GOP lawmakers say party isn't trying to learn from midterm losses

A group of GOP lawmakers is voicing concerns that the Republican Party isn't confronting its losses in the November midterms and is not taking steps to learn from what led to Democrats flipping at least 40 seats in the House.

“[There has not been] any party lookback or leadership lookback and it does worry some of us," Rep. Adam KinzingerAdam Daniel KinzingerGOP lawmakers say Trump wrong to criticize Biden in Japan Overnight Defense: Trump officials say efforts to deter Iran are working | Trump taps new Air Force secretary | House panel passes defense bill that limits border wall funds Trump taps new Air Force secretary MORE (R-Ill.) told The New York Times in a report published Sunday. 


Kinzinger's comments have been echoed by other GOP lawmakers, including Elise StefanikElise Marie StefanikOvernight Defense: Pompeo blames Iran for oil tanker attacks | House panel approves 3B defense bill | Trump shares designs for red, white and blue Air Force One House panel approves 3B defense policy bill Youngest black congresswoman says millennial colleagues have 'less fighting over partisan nonsense' MORE (R-N.Y.).

Stefanik said that “there has been close to no introspection in the GOP conference and really no coming to grips with the shifting demographics that get to why we lost those seats."

“I’m very frustrated and I know other members are frustrated," she said, adding that she's planning to alter her political action committee in an effort to help women win GOP primaries in 2020. 

Seizing on opposition to President TrumpDonald John TrumpNew EPA rule would expand Trump officials' powers to reject FOIA requests Democratic senator introduces bill to ban gun silencers Democrats: Ex-Commerce aide said Ross asked him to examine adding census citizenship question MORE, Democrats surged to the majority in the House during this year's midterms, flipping at least 40 seats in the lower chamber.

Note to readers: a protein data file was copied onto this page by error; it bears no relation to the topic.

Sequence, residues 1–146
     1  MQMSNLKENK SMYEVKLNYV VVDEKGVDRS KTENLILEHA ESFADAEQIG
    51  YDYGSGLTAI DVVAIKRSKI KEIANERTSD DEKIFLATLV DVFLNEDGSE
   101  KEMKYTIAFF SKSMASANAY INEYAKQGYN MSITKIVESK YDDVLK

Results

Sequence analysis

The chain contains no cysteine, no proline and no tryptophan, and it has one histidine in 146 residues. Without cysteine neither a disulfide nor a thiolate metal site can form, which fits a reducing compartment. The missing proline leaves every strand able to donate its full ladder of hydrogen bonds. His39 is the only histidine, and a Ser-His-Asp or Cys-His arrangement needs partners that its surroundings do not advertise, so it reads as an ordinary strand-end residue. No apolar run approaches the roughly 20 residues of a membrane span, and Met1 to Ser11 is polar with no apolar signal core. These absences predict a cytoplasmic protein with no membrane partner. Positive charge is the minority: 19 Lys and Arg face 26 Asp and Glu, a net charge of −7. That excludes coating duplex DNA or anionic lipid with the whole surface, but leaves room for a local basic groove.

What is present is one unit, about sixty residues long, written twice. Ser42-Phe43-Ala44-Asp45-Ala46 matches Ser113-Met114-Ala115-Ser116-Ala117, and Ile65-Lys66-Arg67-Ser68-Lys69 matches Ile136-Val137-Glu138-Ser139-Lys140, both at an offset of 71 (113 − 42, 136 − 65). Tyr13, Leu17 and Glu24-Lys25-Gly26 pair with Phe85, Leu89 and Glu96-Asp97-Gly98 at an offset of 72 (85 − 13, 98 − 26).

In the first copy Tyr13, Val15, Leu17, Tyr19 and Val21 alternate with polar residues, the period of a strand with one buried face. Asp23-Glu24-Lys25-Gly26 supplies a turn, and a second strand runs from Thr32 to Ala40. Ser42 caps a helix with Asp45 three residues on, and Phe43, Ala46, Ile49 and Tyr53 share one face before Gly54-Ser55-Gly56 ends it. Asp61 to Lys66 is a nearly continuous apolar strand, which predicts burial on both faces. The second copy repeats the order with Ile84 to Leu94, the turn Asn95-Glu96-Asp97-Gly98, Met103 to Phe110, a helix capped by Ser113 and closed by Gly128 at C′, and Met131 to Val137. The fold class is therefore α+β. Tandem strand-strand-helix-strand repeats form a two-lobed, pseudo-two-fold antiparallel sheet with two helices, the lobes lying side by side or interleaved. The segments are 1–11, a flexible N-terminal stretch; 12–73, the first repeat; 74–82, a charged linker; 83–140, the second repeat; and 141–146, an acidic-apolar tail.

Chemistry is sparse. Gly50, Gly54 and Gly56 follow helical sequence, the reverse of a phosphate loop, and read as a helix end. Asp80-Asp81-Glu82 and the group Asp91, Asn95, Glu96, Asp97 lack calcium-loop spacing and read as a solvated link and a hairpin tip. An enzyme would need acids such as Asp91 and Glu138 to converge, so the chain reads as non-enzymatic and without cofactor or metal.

“It’s clear to me why we lost 40 seats; it was a referendum on the president, but that’s an extremely difficult proclamation for people to make because if they were to say that they’d get the wrath of the president," outgoing Rep. Ryan CostelloRyan Anthony CostellloLobbying world Overnight Energy: Park Service closing Joshua Tree after shutdown damage | Dems deliver trash from parks to White House | Dems offer bills to block offshore drilling | Oil lobby worries about Trump trade fight Ex-GOP Rep. Ryan Costello joins group pushing carbon tax MORE (R-Pa.), a frequent Trump critic who announced his retirement earlier this year, told the Times. 

The Democratic Party gained its most seats in the House since 1974 in the election, according to the Times.

The losses have concerned some about the leadership of the party. House officials indicated to the newspaper that they would try to put together an after-action report related to the midterms. 

However, it is unclear how comprehensive the report would be. In addition, many leaders in of the Republican Party have declined to open up about the party's losses in the House and why their races may have played out the way they did.

The Times notes that Rep. Steve StiversSteven (Steve) Ernst StiversRepublican lawmaker on decriminalizing marijuana: 'Cat is already out of the bag on that' The Hill's Morning Report — US strikes approved against Iran pulled back Lawmakers battle over HUD protections for homeless transgender people MORE (R-Ohio) said he did not want to play the "blame game" when asked about certain suburban incumbents losing races. 

Since the midterms, Republicans have chosen Rep. Kevin McCarthyKevin Owen McCarthyTop Trump ally says potential Amash presidential bid could be problematic in Michigan Ocasio-Cortez on concentration camp remarks: Liz Cheney, GOP 'manipulating pain for political purposes' GOP rep: Trump needs to retaliate against Iran to deter other hostile nations MORE (Calif.) to serve as the minority leader when the Democrats seize control next month. Lawmakers also selected Steve ScaliseStephen (Steve) Joseph ScalisePelosi, Democratic leaders seek to quell liberal revolt over border bill Lawmakers warn of 'grave situation' after drone shot down House Democrats close to finalizing border aid bill MORE (R-La.) to serve as minority whip.